Cameron Bancroft has confirmed for the first time that David Warner encouraged him to try to tamper with the ball in Cape Town with the tacit approval of the captain Steven Smith, leading to a scandal that saw all three banned from the game while Cricket Australia dealt with a host of cultural repercussions.
The week after Smith revealed he had been aware of conversation between Warner and Bancroft about possible ball-tampering and stated "I don't want to know about it", thus allowing the events that followed to take place, Bancroft said that he had accepted the then vice-captain's advice because he "just wanted to fit in and feel valued" in the team.
"Dave [Warner] suggested to me to carry the action out on the ball given the situation we were in in the game and I didn't know any better," Bancroft told Fox Sports. "I didn't know any better because I just wanted to fit in and feel valued, really - as simple as that.
"For me the decision was based around my values. What I valued at the time. I valued fitting in. And I guess you hope that fitting in earns you respect and with that I guess there came a really big cost for the mistake. At the time did I know any better? No. Because I valued this thing called fitting in, fitting in with the team, with my mates, earning respect from senior players and I guess that it led to an absolutely destructive situation, emotionally, personally and I lost cricket for that period of time.
"But the really, really interesting thing...I've asked myself this question a lot. If I had said 'no', what would that have meant? And the thing that I've inquired and thought about so often is that if I actually said 'no', and I went to bed that night, I had the exact same problem. I had some the problem that I had using the sandpaper on the cricket ball.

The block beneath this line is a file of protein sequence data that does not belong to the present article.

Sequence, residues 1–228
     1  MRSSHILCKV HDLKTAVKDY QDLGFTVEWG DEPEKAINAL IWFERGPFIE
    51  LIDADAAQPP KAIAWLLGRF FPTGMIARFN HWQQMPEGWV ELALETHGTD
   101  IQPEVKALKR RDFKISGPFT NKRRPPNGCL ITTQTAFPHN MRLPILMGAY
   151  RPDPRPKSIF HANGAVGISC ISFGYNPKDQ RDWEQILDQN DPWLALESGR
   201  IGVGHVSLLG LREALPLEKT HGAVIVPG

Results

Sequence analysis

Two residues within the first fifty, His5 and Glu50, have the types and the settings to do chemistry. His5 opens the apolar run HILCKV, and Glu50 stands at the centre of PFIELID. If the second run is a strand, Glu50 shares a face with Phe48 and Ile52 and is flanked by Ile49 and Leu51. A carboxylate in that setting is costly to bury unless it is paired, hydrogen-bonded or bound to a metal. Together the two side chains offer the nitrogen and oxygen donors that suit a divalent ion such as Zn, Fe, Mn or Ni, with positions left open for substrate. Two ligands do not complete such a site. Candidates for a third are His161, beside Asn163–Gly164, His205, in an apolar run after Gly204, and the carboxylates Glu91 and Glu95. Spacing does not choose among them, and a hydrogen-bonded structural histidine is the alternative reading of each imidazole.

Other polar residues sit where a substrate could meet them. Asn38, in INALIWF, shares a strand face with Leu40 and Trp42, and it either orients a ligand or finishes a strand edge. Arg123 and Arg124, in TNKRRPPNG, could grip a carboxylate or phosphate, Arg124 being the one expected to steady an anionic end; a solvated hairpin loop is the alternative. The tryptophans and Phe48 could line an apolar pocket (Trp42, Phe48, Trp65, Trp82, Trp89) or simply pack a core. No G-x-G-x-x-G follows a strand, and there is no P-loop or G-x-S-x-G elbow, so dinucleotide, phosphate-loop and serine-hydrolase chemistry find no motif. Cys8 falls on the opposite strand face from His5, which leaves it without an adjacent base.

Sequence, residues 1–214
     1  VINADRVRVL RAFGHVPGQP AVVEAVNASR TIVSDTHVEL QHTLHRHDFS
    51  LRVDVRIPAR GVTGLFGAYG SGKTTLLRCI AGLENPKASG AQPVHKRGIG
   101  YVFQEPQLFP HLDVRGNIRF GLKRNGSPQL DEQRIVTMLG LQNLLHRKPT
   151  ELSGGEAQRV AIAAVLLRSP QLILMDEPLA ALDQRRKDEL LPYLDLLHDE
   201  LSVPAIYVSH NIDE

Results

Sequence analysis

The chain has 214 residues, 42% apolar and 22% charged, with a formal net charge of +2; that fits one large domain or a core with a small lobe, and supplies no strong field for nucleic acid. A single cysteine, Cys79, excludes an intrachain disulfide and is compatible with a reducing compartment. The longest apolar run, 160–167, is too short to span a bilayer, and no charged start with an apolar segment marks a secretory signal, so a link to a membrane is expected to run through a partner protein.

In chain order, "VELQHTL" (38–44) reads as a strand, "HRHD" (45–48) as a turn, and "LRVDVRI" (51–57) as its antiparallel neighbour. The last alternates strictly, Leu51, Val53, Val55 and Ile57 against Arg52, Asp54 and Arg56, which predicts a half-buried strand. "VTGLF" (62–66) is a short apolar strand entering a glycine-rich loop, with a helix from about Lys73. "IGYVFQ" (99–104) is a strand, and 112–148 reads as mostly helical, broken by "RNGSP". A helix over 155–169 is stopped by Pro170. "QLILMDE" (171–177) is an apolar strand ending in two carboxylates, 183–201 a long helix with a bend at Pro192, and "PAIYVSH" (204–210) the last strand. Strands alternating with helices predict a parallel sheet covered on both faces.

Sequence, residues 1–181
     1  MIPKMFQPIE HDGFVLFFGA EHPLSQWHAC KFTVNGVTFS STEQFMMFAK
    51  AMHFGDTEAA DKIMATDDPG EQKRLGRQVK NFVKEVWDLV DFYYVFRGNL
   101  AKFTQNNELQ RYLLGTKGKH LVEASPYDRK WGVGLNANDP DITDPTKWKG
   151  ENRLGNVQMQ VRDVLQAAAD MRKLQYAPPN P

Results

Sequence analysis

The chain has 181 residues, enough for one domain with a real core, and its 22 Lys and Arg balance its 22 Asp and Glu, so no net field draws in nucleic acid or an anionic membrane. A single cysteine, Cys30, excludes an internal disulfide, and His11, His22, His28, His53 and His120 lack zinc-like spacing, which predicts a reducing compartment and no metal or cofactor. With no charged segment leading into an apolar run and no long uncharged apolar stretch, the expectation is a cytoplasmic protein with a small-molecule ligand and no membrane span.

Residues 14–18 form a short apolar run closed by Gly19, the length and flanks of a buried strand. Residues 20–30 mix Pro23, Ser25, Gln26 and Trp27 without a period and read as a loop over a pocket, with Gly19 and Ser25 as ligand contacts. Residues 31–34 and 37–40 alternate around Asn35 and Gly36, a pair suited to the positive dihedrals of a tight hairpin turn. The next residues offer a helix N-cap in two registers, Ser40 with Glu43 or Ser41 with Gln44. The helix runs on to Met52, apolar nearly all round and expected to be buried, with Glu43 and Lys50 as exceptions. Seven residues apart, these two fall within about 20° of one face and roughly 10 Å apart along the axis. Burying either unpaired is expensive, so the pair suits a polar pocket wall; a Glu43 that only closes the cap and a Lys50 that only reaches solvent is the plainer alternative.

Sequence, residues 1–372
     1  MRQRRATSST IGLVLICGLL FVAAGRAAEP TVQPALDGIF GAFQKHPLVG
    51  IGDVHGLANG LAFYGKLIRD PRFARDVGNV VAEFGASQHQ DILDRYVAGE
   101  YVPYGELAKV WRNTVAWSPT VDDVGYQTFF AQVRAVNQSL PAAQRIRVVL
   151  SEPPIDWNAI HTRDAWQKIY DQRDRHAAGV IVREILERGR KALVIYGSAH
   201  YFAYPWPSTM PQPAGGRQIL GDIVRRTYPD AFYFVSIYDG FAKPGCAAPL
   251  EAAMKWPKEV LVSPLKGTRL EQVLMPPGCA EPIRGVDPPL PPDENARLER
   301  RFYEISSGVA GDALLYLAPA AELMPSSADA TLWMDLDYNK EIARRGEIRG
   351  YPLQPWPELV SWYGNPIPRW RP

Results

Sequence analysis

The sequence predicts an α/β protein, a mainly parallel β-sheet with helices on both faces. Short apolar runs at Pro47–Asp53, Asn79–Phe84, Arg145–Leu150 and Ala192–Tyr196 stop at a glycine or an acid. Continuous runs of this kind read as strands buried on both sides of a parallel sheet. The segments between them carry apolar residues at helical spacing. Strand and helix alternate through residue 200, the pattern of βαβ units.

"And the problem was that I would have gone to bed and I would have felt like I let everybody down. I would have felt like I'd let the team down. I would have felt like I would have hurt our chances to win the game of cricket.
"I take no other responsibility but the responsibility I have on myself and my own actions because I am not a victim. I had a choice and I made a massive mistake and that is what is in my control."
Having been handed a nine-month ban by CA, as opposed to the one year penalties given to Warner and Smith, Bancroft is due to make his return to domestic ranks in the Big Bash League game between Perth Scorchers and Hobart Hurricanes in Launceston on December 30.
In the intervening months he has worked to broaden himself, taking up yoga and reading widely in addition to the CA-imposed order to do community work and playing club cricket in The Northern Territory and also his home town of Perth.
Towards the end of his suspension, Bancroft said that the cultural lessons of Cape Town and the subsequent Longstaff and McCosker cultural reviews would be lost on CA as an organisation if the governing body was not as honest and self-critical as he had been compelled to be.
"The reason why it was painful is because the truth hurts. Maybe in that review there was some truths that were pretty hard to accept," Bancroft said. "What does that bring? It brings an amazing opportunity to do something about it. Only Cricket Australia will know if they are being true to themselves, to be able to own up to some of those recommendations.
"If they can look at themselves in the mirror and be really content and be really peaceful, and proud of the direction they're going, that's OK. If they aren't, like me, that value will always come undone won't it? It will present itself in the face to you and you'll have to learn another lesson."